Then three coats of Farrow & Ball Purbeck Stone No 275, followed by two coats of satin varnish.  We wanted to line the crate, and used hardboard cut to size with hessian stuck to it with 3M Craft Spray glue, both back and front so the hessian would be seen through the slats in the crate.

 

I’m very pleased with the end result, which transforms a necessity into something that is quite an aesthetic thing to have in your lounge.

 


No 6 – A Refinished Display Cabinet

Posted on August 16th, 2017

This is an example of the sort of finish we can produce, and how second hand pieces of furniture and room accessories can be easily refreshed to suit contemporary tastes and decor.

We bought this display cabinet from the British Heart Foundation shop for £15. The previous owner had attempted to give it a black laquer look by painting it in black gloss paint, in a rather slapdash manner.

dscn4232I removed the door handles, the small strip light and paint encased hinges, and began by sanding off the black paint. The original wood grain underneath was a machine made one so not very substantial. I ended up in places sanding more than the paint off. Once it was removed the surface took the Farrow & Ball Purbeck Stone No 275 rather well, and the Liberon Neutral Wax Polish Black Bison as a finish.

 

 

 

dscn4233I intended to remove the fake leading from the glass doors. However, I tried a few solvents, and then a glass scraper. It was as tough as Teflon and hard baked onto the glass. It just wouldn’t budge, so it would have to stay. I replaced the original period style handles, with some more modern cabinet handles from Homebase, and bought new hinges.


No 5 – A Refinished Side Table

Posted on August 16th, 2017

This is an example of the sort of finish we can produce, and how second hand pieces of furniture and room accessories can be easily refreshed to suit contemporary tastes and decor.

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This table shown on the left, is one of two side tables that we bought for £5 each from the British Heart Foundation shop. One had a dark varnish, the other a light varnish. We wanted to make both tables identical in tone, with a dark varnish finish that would match the rest of our furniture.  I took the top off from its leg supports. With both tables their was some remedial work required either on the table surface or the leg supports.

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The varnished veneer of the table surface sanded off very easily. I then re-varnished with 4 coats of Ronseal Satin Walnut Varnish, finishing off with 1 coat of Ronseal Clear Satin Varnish. The edges and underside I painted in Blackfriar’s Matt Black Paint, which is the hardiest, blackest, mattest paint there is. Its touch dry in half an hour, but hard dry after 16 hours, so you have to be patient, this paint will not be hurried.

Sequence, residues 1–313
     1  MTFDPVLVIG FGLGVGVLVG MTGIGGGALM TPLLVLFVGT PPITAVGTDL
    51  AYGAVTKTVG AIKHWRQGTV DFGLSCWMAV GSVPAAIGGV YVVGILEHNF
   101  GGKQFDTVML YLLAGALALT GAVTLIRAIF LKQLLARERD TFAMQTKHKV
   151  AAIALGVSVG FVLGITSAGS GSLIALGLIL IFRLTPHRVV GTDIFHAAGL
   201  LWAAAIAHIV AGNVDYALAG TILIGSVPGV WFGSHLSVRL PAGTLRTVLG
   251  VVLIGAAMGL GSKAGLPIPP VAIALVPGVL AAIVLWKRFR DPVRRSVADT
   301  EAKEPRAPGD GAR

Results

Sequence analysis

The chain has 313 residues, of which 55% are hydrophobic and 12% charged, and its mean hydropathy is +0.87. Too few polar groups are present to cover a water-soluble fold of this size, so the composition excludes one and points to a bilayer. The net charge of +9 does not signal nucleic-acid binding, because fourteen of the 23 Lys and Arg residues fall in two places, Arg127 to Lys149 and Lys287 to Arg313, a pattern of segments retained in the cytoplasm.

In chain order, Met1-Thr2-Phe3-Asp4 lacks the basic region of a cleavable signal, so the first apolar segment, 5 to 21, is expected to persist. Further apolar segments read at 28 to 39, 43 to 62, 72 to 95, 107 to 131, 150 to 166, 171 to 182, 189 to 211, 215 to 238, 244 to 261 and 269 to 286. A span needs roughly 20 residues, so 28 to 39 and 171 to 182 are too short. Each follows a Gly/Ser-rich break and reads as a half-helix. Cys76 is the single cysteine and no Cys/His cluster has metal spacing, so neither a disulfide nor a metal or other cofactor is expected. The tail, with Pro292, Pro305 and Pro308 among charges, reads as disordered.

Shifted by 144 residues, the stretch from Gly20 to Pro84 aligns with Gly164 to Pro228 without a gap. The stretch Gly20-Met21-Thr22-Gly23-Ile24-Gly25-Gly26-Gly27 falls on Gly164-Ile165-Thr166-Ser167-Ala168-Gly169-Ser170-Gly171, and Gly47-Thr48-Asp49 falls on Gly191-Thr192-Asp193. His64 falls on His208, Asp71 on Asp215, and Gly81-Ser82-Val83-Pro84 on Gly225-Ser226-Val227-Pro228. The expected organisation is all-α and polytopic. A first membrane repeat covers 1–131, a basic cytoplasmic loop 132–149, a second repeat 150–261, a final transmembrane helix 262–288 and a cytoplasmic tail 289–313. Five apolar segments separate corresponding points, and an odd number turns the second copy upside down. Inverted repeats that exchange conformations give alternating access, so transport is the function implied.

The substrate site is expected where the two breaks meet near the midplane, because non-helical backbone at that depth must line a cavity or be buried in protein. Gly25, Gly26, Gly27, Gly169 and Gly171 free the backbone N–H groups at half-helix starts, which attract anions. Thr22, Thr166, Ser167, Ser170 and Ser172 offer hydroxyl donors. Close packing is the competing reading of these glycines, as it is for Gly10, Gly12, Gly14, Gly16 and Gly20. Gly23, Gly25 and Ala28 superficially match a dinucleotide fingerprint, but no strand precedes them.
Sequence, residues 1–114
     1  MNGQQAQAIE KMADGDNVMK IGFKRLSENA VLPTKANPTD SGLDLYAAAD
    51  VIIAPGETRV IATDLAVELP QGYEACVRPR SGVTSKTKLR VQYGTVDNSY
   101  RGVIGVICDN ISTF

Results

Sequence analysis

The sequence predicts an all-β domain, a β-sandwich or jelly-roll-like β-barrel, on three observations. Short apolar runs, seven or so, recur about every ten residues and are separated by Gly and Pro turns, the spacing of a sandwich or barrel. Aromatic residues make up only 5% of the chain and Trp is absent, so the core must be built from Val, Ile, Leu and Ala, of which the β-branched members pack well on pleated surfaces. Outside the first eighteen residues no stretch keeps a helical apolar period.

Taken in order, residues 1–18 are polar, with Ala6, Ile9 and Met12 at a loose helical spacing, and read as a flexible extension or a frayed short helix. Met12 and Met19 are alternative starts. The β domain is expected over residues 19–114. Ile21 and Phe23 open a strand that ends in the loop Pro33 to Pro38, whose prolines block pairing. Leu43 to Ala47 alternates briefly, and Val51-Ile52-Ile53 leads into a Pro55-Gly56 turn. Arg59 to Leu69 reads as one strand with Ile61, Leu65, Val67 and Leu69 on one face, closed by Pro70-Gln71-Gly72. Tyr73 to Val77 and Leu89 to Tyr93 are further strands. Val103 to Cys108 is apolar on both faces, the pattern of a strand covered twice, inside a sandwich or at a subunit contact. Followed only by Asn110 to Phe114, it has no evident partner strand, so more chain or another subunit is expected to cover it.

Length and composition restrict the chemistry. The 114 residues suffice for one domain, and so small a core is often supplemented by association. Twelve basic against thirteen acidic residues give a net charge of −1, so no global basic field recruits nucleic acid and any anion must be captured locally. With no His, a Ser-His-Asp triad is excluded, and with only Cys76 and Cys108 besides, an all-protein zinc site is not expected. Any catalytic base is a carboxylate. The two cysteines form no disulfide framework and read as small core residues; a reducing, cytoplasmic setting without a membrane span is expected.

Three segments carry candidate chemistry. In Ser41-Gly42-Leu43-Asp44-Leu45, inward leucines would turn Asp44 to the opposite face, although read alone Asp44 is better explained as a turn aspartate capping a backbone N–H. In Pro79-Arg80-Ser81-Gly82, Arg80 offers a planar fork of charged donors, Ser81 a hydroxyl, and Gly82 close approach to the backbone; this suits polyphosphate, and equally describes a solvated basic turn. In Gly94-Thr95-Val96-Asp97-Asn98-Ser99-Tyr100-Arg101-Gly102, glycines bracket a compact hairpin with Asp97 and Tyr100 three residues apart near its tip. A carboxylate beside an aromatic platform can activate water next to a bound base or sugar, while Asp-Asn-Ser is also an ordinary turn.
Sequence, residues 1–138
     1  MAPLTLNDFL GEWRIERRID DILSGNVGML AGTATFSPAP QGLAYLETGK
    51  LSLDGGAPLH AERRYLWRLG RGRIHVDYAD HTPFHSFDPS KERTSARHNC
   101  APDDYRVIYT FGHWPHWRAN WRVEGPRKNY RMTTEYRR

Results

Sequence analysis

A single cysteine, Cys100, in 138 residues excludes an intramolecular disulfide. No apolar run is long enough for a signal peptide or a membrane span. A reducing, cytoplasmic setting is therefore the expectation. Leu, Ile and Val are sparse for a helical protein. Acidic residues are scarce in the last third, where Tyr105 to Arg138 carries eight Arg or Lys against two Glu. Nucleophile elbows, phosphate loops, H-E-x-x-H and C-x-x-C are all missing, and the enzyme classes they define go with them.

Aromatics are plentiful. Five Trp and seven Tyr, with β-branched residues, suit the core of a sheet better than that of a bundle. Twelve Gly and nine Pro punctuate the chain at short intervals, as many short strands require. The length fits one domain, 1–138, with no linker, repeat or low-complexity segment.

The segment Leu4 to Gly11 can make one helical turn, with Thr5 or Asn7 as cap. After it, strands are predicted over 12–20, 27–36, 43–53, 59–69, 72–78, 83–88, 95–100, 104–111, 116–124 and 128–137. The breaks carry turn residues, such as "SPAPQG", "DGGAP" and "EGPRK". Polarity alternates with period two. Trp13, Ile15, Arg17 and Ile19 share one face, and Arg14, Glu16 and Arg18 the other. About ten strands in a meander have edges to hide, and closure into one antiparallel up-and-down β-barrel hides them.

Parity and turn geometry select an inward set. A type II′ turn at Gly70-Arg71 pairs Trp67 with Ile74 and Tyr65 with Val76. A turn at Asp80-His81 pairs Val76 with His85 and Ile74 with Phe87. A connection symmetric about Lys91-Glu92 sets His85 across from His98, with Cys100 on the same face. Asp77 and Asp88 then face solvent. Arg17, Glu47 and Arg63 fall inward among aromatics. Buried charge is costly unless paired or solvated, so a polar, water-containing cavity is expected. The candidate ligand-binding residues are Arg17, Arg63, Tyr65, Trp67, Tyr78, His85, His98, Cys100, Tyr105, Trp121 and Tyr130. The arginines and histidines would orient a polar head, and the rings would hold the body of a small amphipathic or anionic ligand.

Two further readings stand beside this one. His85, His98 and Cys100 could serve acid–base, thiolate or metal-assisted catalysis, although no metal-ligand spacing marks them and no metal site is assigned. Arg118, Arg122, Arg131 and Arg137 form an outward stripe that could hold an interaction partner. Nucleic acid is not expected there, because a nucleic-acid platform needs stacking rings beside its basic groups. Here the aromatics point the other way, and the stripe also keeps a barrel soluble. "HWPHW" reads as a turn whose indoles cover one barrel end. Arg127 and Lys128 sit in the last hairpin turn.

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The folding legs proved much easier to sand down than I initially thought. I decided not to re-varnish the whole thing, because the quality of the wood in the legs structure was poor. So I only varnished the outer facing edges with Ronseal Satin Walnut Varnish, and used Blackfriar’s Matt Black Paint on all the interior structure. This maintained an aesthetic link with the table surface, whilst also creating a more uniform appearance to the rest.

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dscn4235The Finished Side Table

 

 

 


No 4 – A Refinished Nest Of Tables

Posted on August 16th, 2017

This is an example of the sort of finish we can produce, and how second hand pieces of furniture and room accessories can be easily refreshed to suit contemporary tastes and decor.

fscn4231When my Grandma died many years ago, I inherited a few pieces of furniture one of which was this nest of tables. Originally there were three tables, but one got lost in a previous house move.  The veneer was a bit battered and water marked, so I gave them a good sanding down before re-varnishing with Ronseal Clear SatinVarnish.

I took the base framework off in order to paint and wax it more easily, and to produce a neater edge between painted and wood varnished surfaces. The paint was Farrow & Ball Purbeck Stone No 275 and I finished it with Liberon Neutral Wax Polish Black Bison.


No 3 – A Refinished Mirror

Posted on August 16th, 2017

This is an example of the sort of finish we can produce, and how second hand pieces of furniture and room accessories can be easily refreshed to suit contemporary tastes and decor.

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This mirror we picked up from a Car Boot at Upper Sheringham Village Hall, for £10!  It was a simple varnished frame, with a beveled mirror. The frame had a few small dents and gaps in its mitre corners, which required filling. After a base undercoat, it had 3-4 coats of Farrow & Ball Purbeck Stone No 275, and 3 layers of Liberon Neutral Wax Polish Black Bison, to give the paint finish a richer lustre.

 


No 2 – A Refinished Coffee Table

Posted on August 16th, 2017

This is an example of the sort of furniture finish we can produce, and how second hand pieces of furniture can be easily refreshed to suit contemporary tastes and decor.

dscn4226We picked up this coffee table for free off Gumtree. Its table surface had been much abused by a child with a blue biro. As the surface was only an oak veneer it required quite careful sanding to remove the biro marks without wearing through to the MDF beneath. The table top was then finished with several coats of Ronseal Satin Light Oak Varnish.

The legs and framework were painted in Farrow & Ball Purbeck Stone No 275 and then waxed with Liberon Neutral Wax Polish Black Bison. A piece of the framework had broken in storage so it had to be reinforced by gluing/screwing a piece of plywood on the reverse, and filling the crack in the front before painting/waxing.